The two sides, then, were known as Big Blockers and Small Blockers, and they were split over a rather small technical decision: how many megabytes of data a BTC block should handle. Big Blockers wanted to increase the block size to accompany more transactions, lowering fees and making everyday payments more viable. Small Blockers were more conservative, both in the way their name suggests, as well as in not wanting to make irreversible changes to Bitcoin’s source code. Big blocks would enable more people to use bitcoin, increasing throughput, but would also require a protocol update known as a hard fork (an irreversible, and non-backwards compatible code split).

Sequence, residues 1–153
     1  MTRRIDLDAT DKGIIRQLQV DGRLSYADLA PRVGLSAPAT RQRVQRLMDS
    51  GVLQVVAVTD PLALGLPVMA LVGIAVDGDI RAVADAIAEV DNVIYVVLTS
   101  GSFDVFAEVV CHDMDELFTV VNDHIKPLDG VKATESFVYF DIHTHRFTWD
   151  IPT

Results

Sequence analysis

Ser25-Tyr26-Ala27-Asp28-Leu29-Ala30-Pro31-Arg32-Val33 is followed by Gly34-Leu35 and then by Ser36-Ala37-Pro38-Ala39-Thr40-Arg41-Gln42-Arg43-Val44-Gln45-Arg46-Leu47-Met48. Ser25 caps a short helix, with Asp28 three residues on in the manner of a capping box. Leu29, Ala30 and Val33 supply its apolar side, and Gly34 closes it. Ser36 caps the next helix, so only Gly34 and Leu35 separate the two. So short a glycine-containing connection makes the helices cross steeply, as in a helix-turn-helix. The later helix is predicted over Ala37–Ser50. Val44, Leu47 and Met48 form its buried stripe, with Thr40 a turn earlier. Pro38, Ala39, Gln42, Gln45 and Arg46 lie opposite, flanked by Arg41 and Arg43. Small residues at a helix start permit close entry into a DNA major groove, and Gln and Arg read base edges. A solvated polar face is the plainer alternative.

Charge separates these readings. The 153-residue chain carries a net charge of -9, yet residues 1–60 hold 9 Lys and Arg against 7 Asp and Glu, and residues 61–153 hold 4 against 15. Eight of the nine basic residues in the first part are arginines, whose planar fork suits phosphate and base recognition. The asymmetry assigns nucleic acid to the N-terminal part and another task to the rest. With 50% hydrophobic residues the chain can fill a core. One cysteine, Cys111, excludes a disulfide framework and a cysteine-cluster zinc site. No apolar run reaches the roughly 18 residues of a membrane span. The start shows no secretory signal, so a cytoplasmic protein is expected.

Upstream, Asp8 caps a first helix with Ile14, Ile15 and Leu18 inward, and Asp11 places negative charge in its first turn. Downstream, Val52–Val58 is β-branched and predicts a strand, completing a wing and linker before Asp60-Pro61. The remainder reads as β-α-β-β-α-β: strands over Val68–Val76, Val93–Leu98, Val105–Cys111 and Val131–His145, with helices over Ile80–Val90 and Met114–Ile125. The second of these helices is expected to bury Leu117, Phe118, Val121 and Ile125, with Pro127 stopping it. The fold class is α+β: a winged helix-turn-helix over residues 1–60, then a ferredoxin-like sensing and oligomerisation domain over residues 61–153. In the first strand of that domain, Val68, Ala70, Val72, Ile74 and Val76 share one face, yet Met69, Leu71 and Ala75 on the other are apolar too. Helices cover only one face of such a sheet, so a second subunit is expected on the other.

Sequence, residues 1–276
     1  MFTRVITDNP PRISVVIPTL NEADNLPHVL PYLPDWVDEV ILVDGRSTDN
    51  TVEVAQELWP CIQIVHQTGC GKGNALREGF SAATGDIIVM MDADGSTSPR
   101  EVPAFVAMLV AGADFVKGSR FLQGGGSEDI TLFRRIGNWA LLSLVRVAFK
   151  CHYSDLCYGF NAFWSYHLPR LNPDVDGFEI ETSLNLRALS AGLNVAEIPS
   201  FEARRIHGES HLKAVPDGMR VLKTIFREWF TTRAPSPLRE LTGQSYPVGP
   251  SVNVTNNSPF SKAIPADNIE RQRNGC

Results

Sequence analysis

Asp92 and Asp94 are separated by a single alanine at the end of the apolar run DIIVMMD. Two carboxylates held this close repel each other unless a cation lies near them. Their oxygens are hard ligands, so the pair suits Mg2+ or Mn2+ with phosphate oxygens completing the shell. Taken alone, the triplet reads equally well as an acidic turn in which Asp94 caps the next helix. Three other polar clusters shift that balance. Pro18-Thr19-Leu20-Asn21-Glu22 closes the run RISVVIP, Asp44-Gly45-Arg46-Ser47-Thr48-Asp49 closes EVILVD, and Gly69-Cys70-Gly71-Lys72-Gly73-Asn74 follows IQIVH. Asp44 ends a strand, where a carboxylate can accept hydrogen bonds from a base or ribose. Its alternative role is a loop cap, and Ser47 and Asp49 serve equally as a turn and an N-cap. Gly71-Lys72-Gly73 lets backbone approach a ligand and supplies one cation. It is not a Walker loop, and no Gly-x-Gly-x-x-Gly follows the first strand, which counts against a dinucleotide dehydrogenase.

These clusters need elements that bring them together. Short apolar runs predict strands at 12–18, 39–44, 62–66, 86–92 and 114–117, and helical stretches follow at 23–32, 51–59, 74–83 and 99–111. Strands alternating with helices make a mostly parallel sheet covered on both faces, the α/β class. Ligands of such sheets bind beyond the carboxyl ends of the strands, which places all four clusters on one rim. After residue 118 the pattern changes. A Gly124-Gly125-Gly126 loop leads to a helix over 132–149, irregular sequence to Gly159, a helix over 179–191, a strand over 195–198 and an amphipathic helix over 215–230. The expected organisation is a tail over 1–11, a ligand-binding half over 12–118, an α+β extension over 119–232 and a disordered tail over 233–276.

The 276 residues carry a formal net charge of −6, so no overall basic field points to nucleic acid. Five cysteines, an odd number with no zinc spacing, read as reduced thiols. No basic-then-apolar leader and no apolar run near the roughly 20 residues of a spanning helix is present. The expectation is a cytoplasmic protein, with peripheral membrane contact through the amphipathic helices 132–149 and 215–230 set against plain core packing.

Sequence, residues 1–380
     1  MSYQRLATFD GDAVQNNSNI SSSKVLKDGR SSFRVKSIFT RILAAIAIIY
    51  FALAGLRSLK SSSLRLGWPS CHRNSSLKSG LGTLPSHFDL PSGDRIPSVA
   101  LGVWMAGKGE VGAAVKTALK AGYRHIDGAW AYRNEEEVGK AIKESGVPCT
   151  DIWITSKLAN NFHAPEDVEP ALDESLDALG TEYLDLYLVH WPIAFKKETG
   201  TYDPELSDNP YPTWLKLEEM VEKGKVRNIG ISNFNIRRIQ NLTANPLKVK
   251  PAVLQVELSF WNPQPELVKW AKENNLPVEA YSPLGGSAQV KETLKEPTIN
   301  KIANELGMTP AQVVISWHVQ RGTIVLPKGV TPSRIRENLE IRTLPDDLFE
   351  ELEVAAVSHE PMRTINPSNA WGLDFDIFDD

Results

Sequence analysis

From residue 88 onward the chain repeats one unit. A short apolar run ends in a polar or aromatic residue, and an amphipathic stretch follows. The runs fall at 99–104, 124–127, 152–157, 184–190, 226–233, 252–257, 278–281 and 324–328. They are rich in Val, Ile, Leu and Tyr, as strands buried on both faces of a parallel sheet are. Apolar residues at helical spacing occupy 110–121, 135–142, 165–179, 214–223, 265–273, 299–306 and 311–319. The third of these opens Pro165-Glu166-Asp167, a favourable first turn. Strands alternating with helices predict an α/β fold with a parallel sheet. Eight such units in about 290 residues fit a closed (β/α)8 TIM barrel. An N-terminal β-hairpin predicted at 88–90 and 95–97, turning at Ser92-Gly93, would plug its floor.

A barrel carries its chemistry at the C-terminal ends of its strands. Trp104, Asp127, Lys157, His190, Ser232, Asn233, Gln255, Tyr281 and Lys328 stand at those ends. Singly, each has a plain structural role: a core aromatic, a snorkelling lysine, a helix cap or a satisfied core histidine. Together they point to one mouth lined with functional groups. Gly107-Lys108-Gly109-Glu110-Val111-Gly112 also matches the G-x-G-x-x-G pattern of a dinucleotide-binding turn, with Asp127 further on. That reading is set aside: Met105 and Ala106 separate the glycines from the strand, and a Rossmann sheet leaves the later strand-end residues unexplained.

Home Cryptocurrency How Bitcoin’s Civil War About Network Scaling Resonates Today
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